Background: Medicare, implemented in 1965, pays medical expenses on a fee for service basis. Thus, the more treatments performed the more pay the provider receives. This over utilization plus the fact that treatment costs are going up at twice the rate of national income. Adding to this issue is the fact that an ever increasing number of people are becoming eligible, which adds significant costs. The 2011 Medicare forecast shows it running out of money five years sooner than in the 2010 report. It may be sooner because of some questionable assumptions!
In recent weeks various words have been coming out of Washington DC saying Congressman Ryan’s proposal to fix this would “end Medicare as we know it”. These words are in fact unfounded because federal health reform already introduced two radical changes:
Note: An April 27th WSJ article called the effort behind these words a hoax!
First – When we look around we see more MDs are not taking new Medicare patients today because their reimbursements are 20% or more below what private plans pay. Payments are 30% or more less for hospitals. With that in mind along comes federal reform, which implements payment rate cuts. The result - reimbursements for MDs, hospitals, etc. will be less than Medicaid in about ten years! Some reports say more than 80% of MDs will not accept Medicare patients if the price controls in the law are implemented.
Second - An Independent Payment Advisory Board was created with the power to recommend cuts. This means new medications and treatment technologies, which are generally more costly, may not be approved. Congress then either accepts the cuts or develops their own. If not at the same level the Board cuts will be implemented. Interestingly this Board cannot look at cost containing ideas other than cutting fees!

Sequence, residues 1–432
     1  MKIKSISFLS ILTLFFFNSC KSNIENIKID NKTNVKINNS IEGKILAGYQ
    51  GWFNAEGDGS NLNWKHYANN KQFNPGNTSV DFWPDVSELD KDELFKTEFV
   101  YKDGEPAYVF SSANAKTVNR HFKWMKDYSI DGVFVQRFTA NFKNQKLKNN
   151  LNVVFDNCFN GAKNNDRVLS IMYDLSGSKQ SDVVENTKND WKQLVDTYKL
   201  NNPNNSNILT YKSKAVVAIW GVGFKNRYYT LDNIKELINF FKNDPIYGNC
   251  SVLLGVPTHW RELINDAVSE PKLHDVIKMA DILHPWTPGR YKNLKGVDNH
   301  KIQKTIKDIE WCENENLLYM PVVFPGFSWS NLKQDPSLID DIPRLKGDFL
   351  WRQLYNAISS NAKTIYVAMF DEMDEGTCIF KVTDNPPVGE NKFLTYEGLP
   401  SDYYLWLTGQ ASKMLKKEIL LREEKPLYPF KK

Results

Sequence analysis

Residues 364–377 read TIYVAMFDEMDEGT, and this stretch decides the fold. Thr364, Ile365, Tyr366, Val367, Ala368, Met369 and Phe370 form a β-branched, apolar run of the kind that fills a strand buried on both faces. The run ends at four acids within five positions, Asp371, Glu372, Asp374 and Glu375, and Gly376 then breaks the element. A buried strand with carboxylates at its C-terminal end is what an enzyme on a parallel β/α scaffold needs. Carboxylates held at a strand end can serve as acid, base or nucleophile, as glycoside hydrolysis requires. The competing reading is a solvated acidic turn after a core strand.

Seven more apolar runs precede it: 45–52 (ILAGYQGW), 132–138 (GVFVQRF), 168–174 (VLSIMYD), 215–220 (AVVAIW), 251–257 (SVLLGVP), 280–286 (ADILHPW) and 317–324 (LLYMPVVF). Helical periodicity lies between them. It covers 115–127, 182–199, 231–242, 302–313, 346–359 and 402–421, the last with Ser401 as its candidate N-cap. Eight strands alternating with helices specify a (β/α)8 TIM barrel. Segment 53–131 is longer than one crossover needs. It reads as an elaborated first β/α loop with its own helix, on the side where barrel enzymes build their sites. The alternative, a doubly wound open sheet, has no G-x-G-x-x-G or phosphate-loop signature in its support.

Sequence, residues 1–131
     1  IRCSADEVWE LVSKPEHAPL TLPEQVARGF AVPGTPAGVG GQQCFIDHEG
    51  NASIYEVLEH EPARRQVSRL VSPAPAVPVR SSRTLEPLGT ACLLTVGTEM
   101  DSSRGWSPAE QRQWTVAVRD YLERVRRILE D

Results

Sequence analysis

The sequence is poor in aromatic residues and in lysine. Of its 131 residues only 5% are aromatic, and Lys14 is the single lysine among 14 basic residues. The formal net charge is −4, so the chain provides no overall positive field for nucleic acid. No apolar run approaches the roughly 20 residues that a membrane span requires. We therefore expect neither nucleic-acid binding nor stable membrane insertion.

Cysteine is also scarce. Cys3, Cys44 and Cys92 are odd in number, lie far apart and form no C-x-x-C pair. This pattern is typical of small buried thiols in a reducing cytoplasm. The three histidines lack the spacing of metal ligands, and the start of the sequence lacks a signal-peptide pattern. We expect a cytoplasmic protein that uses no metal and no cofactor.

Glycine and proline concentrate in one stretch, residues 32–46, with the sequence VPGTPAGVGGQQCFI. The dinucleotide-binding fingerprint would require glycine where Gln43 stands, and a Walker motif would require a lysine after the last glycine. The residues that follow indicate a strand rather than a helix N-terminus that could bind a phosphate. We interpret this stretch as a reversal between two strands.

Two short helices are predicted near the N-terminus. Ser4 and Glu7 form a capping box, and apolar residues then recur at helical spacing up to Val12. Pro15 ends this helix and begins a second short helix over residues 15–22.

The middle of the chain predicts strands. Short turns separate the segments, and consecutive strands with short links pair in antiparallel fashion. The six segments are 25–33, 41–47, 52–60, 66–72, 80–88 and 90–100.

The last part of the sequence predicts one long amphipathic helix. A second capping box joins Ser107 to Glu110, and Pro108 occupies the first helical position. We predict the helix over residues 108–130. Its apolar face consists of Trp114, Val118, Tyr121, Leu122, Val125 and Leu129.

No matter how much some want Medicare to be left alone it’s costs are unsustainable and must be fixed Thus, the question becomes, which approach is the best way to continue these important benefits:
+ Federal health reform with it’s lowers provider pay and thus far fewer MDs to treat people? Some are saying these changes “save health care costs”! Yes payment cuts will lower actual dollars spent but it also results in making things bad for people and providers.
+ Move Medicare from 1965 to the present! One idea is to change federal policy so only those individuals now 55 or younger, will be offered, in 10 years when they turn 65, Medicare benefits from private companies at 65 in 10 years. Using private companies has worked for the Medicare prescription program, which now has costs about 30% less than projected. An approach like this would put people in charge and provide choices. Medicare payments to the company a person selected would cover most of the cost. An additional payment could be included for people with chronic situations like in Medicare Advantage plans. More support could also be added for those who are older. Putting people in charge of how they receive their benefits is certainly a better approach than having a cost cutting board making decisions for everyone on what is covered.
Bottom line, it is important for everyone to look at the real facts about Medicare’s cost situation and consider alternative ways for it’s important benefits to continue.